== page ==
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Expansion of Liquid Biopsy Test Sites Planned by Merck KGaA, Sysmex


NEW YORK (GenomeWeb) – Merck KGaA and Sysmex Inostics are planning to set up additional test sites for the OncoBEAM RAS CRC liquid biopsy diagnostic in Asia and South America.

The two firms began developing the RAS mutation panel following a 2014 deal. The test is based on Sysmex's emulsion-based digital PCR technology, called BEAMing, which stands for beads, emulsions, amplification, and magnetics.

Merck KGaA and Sysmex announced last week that they had garnered a CE Mark for the test. They also said they will now market the test in Europe, Asia, and Australia as a tool oncologists can use to determine which metastatic colorectal cancer patients have RAS mutations and would likely benefit from EGFR inhibitors, such as Erbitux (cetuximab). The drug is marketed by Lilly in the US and Canada, and by Merck KGaA outside these territories.

In line with these expanded marketing efforts, the companies are also planning to set up additional test sites for OncoBEAM RAS CRC in Argentina, Brazil, Malaysia, Indonesia, Vietnam, and India, an external spokesperson for Merck KGaA told GenomeWeb.

The Vall d'Hebron Institute of Oncology in Barcelona, Spain last year became the first testing center for the blood test. Since then, test centers have been set up in Spain, France, Germany, Italy, UK, Slovakia, Australia, and Japan.

Treatment guidelines currently recommend testing for mutations in RAS genes – KRAS and NRAS – to inform treatment for colorectal cancer patients who are considering treatment with anti-EGFR monoclonal antibodies, such as Erbitux and Vectibix (panitumumab). The US Food and Drug Administration approved labels of these drugs that indicate them only for patients with wild-type KRAS status as determined by a test that is also approved by the agency. The drug labels also limit their administration in patients with RAS-mutant metastatic colorectal cancer.

Several years ago, the FDA approved tissue-based companion diagnostics that gauge patients' KRAS status in order to determine if they can receive these drugs. But the FDA hasn't approved companion diagnostics for Erbitux and Vectibix that gauge a broad panel of RAS mutations in tissue or blood.OncoBEAM RAS CRC analyzes blood samples for 34 mutations within Exon 2, 3, and 4 of the KRAS and NRAS genes.

The spokesperson noted that since Merck KGaA doesn't market Erbitux in US, it doesn't have plans to launch the OncoBEAM CRC test kit in this market. However, under a global deal inked last year between Sysmex and Laboratory Corporation of America, the two firms will be able to offer testing as a lab service at a number of US centers, according to the spokesperson.

"Currently there are no plans to launch an FDA-cleared test kit, but … using CLIA lab services with LabCorp will make the technology available in that market," the spokesperson added.

Meanwhile, there are a number of concordance studies underway comparing the liquid biopsy test with standard tissue-based diagnostics. Several of these studies will be presented at upcoming conferences, including the American Society of Clinical Oncology's annual meeting.

In order to garner a CE Mark for the test, Sysmex internally performed a concordance study with 238 samples, according to the spokesperson. In this study, overall concordance of the liquid biopsy RAS test with tissue testing was 93.7 percent.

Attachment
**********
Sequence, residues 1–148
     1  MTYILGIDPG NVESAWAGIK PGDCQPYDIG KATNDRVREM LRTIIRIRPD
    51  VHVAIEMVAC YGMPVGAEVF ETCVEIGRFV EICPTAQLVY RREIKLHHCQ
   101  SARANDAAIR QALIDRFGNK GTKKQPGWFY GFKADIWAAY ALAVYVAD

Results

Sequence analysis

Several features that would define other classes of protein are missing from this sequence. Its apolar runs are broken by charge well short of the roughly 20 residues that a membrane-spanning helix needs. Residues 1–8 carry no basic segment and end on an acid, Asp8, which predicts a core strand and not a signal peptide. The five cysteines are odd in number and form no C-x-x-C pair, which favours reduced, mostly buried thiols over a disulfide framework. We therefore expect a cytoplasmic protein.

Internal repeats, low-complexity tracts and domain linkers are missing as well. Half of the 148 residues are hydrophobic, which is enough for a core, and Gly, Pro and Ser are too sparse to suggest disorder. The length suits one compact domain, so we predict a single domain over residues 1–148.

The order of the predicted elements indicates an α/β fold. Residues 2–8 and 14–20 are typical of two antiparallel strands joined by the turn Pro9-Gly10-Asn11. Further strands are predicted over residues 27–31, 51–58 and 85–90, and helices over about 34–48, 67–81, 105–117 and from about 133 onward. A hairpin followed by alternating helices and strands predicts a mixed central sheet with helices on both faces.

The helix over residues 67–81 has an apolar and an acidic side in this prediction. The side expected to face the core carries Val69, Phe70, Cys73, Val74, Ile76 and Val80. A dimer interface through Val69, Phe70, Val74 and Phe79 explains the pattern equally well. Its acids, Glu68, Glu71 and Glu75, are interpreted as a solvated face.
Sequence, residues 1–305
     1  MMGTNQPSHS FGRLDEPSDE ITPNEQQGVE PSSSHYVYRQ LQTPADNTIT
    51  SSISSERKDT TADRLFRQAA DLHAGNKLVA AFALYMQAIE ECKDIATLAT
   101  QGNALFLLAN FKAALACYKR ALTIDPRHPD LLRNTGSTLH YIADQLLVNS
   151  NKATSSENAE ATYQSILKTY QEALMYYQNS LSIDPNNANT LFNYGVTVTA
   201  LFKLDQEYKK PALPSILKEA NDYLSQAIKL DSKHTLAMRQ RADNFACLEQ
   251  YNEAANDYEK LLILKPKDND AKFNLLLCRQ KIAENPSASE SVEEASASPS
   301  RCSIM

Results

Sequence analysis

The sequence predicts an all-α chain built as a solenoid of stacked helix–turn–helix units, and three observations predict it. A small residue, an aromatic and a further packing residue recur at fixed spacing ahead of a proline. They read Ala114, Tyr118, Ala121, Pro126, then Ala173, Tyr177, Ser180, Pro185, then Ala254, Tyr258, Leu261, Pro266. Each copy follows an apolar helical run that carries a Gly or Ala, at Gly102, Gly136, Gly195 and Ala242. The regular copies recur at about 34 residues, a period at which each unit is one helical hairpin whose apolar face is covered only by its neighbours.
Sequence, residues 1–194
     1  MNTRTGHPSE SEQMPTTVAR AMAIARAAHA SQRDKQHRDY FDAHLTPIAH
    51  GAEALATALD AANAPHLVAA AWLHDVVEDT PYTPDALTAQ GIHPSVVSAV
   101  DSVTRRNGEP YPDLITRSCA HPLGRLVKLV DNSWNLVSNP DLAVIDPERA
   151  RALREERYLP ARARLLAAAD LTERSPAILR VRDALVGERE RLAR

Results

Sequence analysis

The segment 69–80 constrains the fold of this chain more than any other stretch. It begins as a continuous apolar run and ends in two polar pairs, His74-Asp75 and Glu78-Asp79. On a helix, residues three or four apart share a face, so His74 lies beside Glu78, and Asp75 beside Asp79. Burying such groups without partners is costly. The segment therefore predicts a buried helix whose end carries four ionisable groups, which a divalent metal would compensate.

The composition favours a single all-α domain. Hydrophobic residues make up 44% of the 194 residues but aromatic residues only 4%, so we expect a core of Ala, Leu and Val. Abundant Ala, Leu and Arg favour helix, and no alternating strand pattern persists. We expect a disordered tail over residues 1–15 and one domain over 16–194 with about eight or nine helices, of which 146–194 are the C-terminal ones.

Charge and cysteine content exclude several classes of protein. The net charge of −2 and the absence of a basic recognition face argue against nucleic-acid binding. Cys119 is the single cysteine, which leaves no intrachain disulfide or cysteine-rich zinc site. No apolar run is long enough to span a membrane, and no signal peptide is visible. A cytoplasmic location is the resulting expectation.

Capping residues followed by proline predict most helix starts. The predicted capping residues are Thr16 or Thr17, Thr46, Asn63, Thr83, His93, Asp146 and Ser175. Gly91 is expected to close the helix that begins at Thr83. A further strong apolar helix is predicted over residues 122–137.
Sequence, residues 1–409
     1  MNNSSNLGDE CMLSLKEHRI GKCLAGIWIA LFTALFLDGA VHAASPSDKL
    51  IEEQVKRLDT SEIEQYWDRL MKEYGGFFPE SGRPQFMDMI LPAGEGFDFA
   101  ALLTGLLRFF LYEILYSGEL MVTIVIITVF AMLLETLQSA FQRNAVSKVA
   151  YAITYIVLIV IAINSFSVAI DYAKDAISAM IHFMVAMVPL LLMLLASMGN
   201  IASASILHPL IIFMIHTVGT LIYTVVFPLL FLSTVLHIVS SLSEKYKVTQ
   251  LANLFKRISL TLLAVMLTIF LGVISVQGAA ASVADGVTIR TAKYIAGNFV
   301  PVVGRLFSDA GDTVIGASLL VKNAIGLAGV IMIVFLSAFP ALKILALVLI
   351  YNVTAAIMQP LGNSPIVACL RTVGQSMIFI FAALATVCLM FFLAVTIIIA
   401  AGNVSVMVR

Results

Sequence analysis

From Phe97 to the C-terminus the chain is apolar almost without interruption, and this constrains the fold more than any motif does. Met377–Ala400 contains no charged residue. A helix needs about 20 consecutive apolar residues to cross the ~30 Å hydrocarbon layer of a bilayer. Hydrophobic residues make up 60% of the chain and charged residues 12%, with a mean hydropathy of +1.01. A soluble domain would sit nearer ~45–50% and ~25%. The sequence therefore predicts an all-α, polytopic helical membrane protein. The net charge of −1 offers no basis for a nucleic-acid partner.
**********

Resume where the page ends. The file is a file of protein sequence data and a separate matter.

Wolff Schmiegel, professor of medicine at Ruhr-Universität Bochum, has assessed OncoBEAM RAS CRC in more than 100 metastatic colorectal cancer patients and has found it has more than 90 percent concordance when matched tissue samples are analyzed by next-generation sequencing, pyro-sequencing, and Sanger sequencing. The specificity of OncoBEAM was 94.5 percent and sensitivity was 93 percent.

Schmiegel noted that researchers are currently evaluating the reasons why the liquid biopsy and tissue-based test results were discordant in a small percentage of samples. However, based on the data so far, he believes the OncoBEAM RAS test will prove to be a "realistic and reliable" tool.

He noted that OncoBEAM may be useful as an adjunct to tissue-based testing to predict whether patients will respond to anti-EGFR monoclonal antibodies. OncoBEAM can also come in handy when patients' cancers have progressed to a point where they cannot provide tissue or in situations where the available tissue no longer reflects the current disease state.  

OncoBEAM, importantly, "provides an overall impression" of the inter- and intra-tumor heterogeneity of a person's cancer, by revealing RAS mutations from primary or metastatic lesions, Schmiegel said. Using the test, doctors can monitor whether RAS wild-type is still expressed by tumor clones or whether a patient is acquiring mutations in RAS, which will make them resistant to treatment.

"Giving the antibody is successful in the beginning, but after a couple of weeks, a month, the tumor evolves to become resistant to the therapy," Schmiegel said. "As soon as we detect not only wild-type RAS but mutated RAS species, we already know an antibody resistance will result very soon. So, we can stop an ineffective therapy earlier than we can by waiting for progress reflected by imaging procedures or by other biochemical assessments."

He estimated that OncoBEAM can detect that metastatic colorectal cancer patients are becoming treatment resistant four to six weeks earlier than traditional testing modalities.

Next, in FIRE-4 — a prospective study enrolling approximately 600 colorectal cancer patients and led by Volker Heinemann at the University of Munich — Schmiegel and his colleagues will be further exploring the OncoBEAM RAS CRC test's ability to monitor for therapy resistance.